Further, about 25 percent of Medicare patients seeking a new primary care physician already have problems finding one, according to the Medicare Payment Advisory Commission, the group that advises Congress on Medicare. Couple that fact with a government-predicted shortage of 85,000 doctors by 2020 and the first wave of baby boomers turning 65 in three short years, and the future for Medicare patients’ access to care is bleak, unless we take steps to turn the tide.

I know you’re aware that a deep, 10% Medicare physician payment cut is scheduled to go into effect on July 1, 2008. Please, I implore you to make sure these cuts don’t go through, for fear that more doctors discover they can no longer take care of those who need it most.

Our doctors are always there to take care of us – shouldn’t we finally return the favor?

At the bottom of this page there is a “Take Action!” button to send the emails. I noticed that the email messages are user-editable so readers could presumably write their own letters or edit the default wording. I didn’t see any subject line listed or way to edit one.

MyPoints members are awarded 5 points for visiting the AMAj’s Patients’ Action Network page shown above. If a member takes action by sending the emails to Congress they will receive 50 points.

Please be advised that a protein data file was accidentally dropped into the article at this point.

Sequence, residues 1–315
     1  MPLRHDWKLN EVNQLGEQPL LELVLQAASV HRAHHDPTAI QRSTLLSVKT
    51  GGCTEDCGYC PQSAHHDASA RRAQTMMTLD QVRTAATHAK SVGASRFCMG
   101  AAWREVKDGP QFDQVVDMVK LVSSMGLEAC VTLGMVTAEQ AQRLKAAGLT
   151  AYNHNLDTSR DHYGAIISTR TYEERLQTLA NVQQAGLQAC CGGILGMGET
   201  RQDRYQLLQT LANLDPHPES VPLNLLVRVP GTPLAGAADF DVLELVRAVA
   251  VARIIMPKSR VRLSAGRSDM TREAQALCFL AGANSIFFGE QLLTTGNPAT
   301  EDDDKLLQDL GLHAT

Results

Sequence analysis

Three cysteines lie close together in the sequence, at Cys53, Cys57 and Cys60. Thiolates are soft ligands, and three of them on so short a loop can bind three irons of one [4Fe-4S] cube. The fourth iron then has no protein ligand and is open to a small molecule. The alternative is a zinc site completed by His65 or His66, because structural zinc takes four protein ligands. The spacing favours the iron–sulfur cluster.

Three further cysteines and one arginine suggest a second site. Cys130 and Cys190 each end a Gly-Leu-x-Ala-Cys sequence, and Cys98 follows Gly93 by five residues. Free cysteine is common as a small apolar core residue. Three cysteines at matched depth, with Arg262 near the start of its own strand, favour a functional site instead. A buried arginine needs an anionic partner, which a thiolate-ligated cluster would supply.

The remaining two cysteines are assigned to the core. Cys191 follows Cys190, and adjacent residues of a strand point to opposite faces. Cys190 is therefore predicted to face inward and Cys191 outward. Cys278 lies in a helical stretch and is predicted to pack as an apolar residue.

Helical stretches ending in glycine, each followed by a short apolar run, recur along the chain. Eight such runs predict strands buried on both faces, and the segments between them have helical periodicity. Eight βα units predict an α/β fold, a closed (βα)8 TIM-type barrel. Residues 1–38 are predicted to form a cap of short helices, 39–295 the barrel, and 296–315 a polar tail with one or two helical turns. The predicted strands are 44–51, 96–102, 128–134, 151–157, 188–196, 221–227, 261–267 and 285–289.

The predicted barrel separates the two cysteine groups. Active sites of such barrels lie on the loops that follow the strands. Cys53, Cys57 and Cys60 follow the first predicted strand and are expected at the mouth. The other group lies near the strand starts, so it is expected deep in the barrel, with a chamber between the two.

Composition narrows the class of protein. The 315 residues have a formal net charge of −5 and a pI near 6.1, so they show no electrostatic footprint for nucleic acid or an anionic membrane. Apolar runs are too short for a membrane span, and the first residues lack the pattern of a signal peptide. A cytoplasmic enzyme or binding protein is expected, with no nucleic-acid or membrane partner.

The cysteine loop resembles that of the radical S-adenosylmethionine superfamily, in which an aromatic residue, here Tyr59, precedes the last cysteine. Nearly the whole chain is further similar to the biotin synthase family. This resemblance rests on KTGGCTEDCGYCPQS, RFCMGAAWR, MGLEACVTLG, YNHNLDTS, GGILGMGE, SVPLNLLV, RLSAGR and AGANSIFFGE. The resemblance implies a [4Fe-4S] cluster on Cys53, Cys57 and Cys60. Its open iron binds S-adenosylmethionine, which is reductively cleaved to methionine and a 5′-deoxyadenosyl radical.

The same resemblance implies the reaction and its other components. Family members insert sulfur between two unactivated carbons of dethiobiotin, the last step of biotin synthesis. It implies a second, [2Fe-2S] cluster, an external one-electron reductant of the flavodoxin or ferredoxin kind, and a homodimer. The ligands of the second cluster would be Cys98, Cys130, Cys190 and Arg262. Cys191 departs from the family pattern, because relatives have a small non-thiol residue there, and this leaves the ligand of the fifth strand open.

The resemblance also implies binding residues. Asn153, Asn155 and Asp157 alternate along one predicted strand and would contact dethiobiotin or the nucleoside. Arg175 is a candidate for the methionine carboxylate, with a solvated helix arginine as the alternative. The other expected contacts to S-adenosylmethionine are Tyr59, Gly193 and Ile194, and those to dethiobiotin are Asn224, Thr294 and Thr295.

I’m all for citizen input and contacting Congress and making our voices heard. I also support group efforts to mobilize concerned citizens around focal issues. However, I’m concerned about this incentivized procedure undertaken by MyPoints and the American Medical Association. I’ll explain below.

MyPoints is part of the Classmates Media Corporation and reported that “as of September 30, 2007, more than 8.8 million members were registered with MyPoints, 6.0 million of whom were registered to receive email marketing messages from the company.” As such, MyPoints owns a large database of consumers motivated to receive points for actions. Combine this with the lobbying efforts of the American Medical Association and you have a potentially powerful force of compensated letter-writers influencing public policy along a specific agenda.